- The Chicago Police Department (CPD) released a public sentiment dashboard that illustrates how safe residents feel in their neighborhoods and how much they trust the local police. The dashboard is designed to support the department’s efforts to increase transparency with data and analytics, according to an official announcement.
- The dashboard was published in partnership with national data research company Elucd, which began gathering local resident feedback in late 2017. So far, more than 63,000 Chicago residents have contributed responses, with the survey collecting up to 2,000 responses every month across all 22 police districts.
- Despite a dip in local levels of trust for the police around July 2020, the dashboard still shows an overall increase in trust since 2017. However, there are disparities in levels of trust depending on a respondent's race, gender, neighborhood and income. Residents in Chicago’s predominantly-Black West Garfield Park neighborhood, for instance, are in an area that reports a trust score of 52 out of 100 compared to the predominantly-White Lincoln Park neighborhood, where residents report a trust score of 67 out of 100.
Chicago is one of many cities seeking to bolster trust between its police department and local residents following a period of civic unrest over police killings and misconduct. Dozens of people recently filed a federal lawsuit against Chicago police officers alleging they were mistreated and unlawfully arrested amid protests over the police killing of George Floyd, the Chicago Tribune reports.
"We’ve certainly seen an increase in demand from the public for more transparency, more accountability, more proof that their voices are being heard," Elucd Chief Operating Officer Sujeet Rao said. "At the same time, we’ve seen an increase in demand from city leaders to have an understanding of what’s happening. They want to know how they’re doing… what trends are going the right way, which trends are headed in the wrong direction."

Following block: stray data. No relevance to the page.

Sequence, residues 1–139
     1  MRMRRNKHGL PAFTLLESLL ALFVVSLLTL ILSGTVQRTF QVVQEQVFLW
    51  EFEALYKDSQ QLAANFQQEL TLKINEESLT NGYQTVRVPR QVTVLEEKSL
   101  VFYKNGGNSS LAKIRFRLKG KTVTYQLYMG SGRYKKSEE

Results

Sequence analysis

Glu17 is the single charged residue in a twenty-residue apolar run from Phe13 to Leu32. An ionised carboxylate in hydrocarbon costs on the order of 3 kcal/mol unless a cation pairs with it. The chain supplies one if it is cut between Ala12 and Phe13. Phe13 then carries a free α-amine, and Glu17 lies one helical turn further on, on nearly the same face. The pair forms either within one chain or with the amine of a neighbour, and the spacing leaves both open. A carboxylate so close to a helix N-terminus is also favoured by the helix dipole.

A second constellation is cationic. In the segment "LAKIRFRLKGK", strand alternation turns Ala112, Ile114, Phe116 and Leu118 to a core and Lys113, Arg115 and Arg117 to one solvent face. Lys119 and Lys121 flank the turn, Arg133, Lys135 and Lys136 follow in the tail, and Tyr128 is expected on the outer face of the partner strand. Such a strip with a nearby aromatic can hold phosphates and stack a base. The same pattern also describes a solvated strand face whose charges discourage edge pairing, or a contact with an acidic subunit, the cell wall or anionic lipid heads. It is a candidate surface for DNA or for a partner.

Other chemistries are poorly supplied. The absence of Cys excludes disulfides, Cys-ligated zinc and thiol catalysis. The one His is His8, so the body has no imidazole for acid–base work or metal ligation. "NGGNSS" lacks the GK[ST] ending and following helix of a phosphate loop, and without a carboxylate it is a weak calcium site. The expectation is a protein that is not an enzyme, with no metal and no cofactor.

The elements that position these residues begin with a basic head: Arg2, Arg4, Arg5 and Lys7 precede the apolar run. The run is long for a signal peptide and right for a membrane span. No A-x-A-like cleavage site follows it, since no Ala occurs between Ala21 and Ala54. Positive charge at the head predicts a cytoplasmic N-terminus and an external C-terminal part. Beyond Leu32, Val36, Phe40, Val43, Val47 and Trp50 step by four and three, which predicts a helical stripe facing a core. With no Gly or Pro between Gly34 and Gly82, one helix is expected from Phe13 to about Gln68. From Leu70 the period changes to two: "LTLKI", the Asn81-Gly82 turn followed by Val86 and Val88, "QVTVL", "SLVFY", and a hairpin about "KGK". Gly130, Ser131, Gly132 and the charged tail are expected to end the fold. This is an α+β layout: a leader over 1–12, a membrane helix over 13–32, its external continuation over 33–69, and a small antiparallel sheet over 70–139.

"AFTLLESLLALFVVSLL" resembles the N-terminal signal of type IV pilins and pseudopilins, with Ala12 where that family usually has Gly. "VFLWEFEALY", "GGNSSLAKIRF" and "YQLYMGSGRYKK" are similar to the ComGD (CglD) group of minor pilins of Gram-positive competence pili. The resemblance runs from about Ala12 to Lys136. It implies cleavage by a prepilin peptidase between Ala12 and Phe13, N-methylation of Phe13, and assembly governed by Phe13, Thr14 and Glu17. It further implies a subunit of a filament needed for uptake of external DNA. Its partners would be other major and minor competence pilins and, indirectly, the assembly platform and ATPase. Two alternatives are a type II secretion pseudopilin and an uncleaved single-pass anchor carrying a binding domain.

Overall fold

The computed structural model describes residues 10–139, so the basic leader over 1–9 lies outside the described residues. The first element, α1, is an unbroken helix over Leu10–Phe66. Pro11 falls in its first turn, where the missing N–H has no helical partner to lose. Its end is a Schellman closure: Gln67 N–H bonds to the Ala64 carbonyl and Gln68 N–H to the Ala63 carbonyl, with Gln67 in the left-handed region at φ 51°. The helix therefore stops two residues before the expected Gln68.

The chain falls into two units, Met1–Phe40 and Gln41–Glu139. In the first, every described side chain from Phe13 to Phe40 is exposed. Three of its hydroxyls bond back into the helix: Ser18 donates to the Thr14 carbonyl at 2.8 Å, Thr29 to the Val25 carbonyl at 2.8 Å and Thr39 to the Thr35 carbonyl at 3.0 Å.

The survey aims to help build trust by gauging resident sentiment through questions like: "How much do you agree with this statement? The police in my neighborhood listen to and take into account the concerns of local residents" and "When it comes to the threat of crime, how safe do you feel in your neighborhood?"
Other notable findings from the report include that people with an annual income of $100,000 and over have a trust score of 70.9 — more than 10 points higher than those with an annual income of up to $29,000, according to the dashboard charts. And residents who are older than 55 report a trust score of 67.3 compared to the 18 to 34 years-old residents who reported a score of 59.8.
The dashboard’s roughly two-year pilot period was funded through a consortium of local philanthropy organizations as a type of "proof of concept," according to Rao. And the expectation is for the city to take on the cost going forward next year, with Chicago’s pilot costing $220,000 per year, Rao said.
Chicago’s efforts to build trust among residents and police also follow a year where the city has seen over 900 murders, more than double the number of homicides that occurred last year. While some experts have blamed the effects of the pandemic as a potential cause, other experts have also said that police distrust could in part cause communities of color, where violent crimes and police brutality can be concentrated, to withdraw even further from interacting with the police and reporting crimes.